Bangkok: Anti-government protesters Monday begun blocking key intersections across the congested Thai capital in their bid to "shutdown" the city and force embattled Premier Yingluck Shinawatra to step down.
One protester was shot and injured while he was guarding a barrier at the Chaeng Wattana rally site here late last night by unidentified gunmen on a motorcycle, police said.
The opposition Democrat party, which has not won polls in two decades, has been venting its ire against the Yingluck government for two months now holding protest marches here.
The protesters want Yingluck and her brother former premier Thaksin Shinawatra out of Thai politics. Thaksin was overthrown in a coup in 2006 and is in self-exile in Dubai.
Yingluck has called for snap polls on February 2 following weeks of opposition protests. But the opposition has said it will boycott the polls. Today is their first massive protest aimed at shutting down the city.
The Democrats have said they will boycott the elections.
Ruling Pheu Thai Party leader and caretaker Interior Minister Charupong Ruangsuwan said the government was ready to consider the Election Commission (EC) proposal that the polls be postponed, but said the agency should state why it believed the election would go smoothly if it was held on May 4.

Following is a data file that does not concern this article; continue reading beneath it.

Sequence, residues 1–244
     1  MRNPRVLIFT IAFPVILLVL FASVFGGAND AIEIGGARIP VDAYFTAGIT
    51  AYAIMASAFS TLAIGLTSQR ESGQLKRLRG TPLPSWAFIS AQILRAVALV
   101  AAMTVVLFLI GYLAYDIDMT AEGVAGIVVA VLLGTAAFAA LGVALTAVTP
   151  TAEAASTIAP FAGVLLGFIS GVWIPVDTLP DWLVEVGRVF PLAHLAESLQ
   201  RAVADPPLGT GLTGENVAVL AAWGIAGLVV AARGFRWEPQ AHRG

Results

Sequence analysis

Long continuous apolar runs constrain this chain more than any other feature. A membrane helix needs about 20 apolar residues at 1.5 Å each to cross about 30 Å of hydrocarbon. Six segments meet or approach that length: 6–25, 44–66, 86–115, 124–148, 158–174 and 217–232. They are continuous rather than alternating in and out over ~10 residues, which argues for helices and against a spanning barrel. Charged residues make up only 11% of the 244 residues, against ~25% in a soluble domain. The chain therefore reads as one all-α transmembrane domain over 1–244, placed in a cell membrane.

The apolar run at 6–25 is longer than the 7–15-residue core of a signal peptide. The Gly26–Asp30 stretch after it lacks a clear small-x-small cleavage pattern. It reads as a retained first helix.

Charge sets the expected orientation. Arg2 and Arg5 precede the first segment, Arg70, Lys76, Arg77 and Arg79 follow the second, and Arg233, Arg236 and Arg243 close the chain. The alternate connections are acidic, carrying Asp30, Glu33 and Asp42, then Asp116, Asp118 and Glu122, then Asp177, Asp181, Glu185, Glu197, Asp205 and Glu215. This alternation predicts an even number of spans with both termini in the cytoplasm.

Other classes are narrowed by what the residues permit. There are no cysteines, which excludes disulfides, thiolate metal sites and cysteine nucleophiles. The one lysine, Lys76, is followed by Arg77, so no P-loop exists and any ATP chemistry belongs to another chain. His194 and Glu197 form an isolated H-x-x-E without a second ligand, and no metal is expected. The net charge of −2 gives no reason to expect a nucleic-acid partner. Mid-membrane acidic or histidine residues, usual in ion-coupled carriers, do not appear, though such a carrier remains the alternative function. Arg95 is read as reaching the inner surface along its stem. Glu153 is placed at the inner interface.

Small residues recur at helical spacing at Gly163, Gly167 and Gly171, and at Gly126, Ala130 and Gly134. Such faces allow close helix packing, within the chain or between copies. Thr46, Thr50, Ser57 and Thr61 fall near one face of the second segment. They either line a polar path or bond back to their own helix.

"Has the EC gone to soothsayers, such as ET?" Charupong said in a reference to E Thi, Myanmar's most famous fortune- teller. Charupong said that legally, the election could not be postponed beyond February 6, as the election law stated it must be held within 60 days of a House dissolution.
The only exceptions are in cases of disasters or riots, and only in the affected areas, not nationwide. "If we postpone because of fears that there would be violence, it would set a bad precedent for future elections," he said.
Pheu Thai spokesman Prompong Nopparit yesterday submitted a letter to the EC to show the party's stance that the poll must be held on February 2, since a budget of over 3.8 billion baht has been allocated for the agency to do this.
The protesters want an appointed "people's council" to run the country before general elections are held.
Thaksin, a billionaire telecoms tycoon-turned-politician, lives abroad to avoid a jail term for corruption, and has a large electoral support base in northern and north eastern Thailand.
Protest leader Suthep Thaugsuban, a former Democrat Party MP, expects a large turnout for the latest demonstration.
Several schools and local universities are closed.
The Indian embassy here has advised its nationals to be vigilant and stay away from areas where protests are being held.
Eight people, including a policeman, have been killed and dozens injured in street violence since the protests began in late October.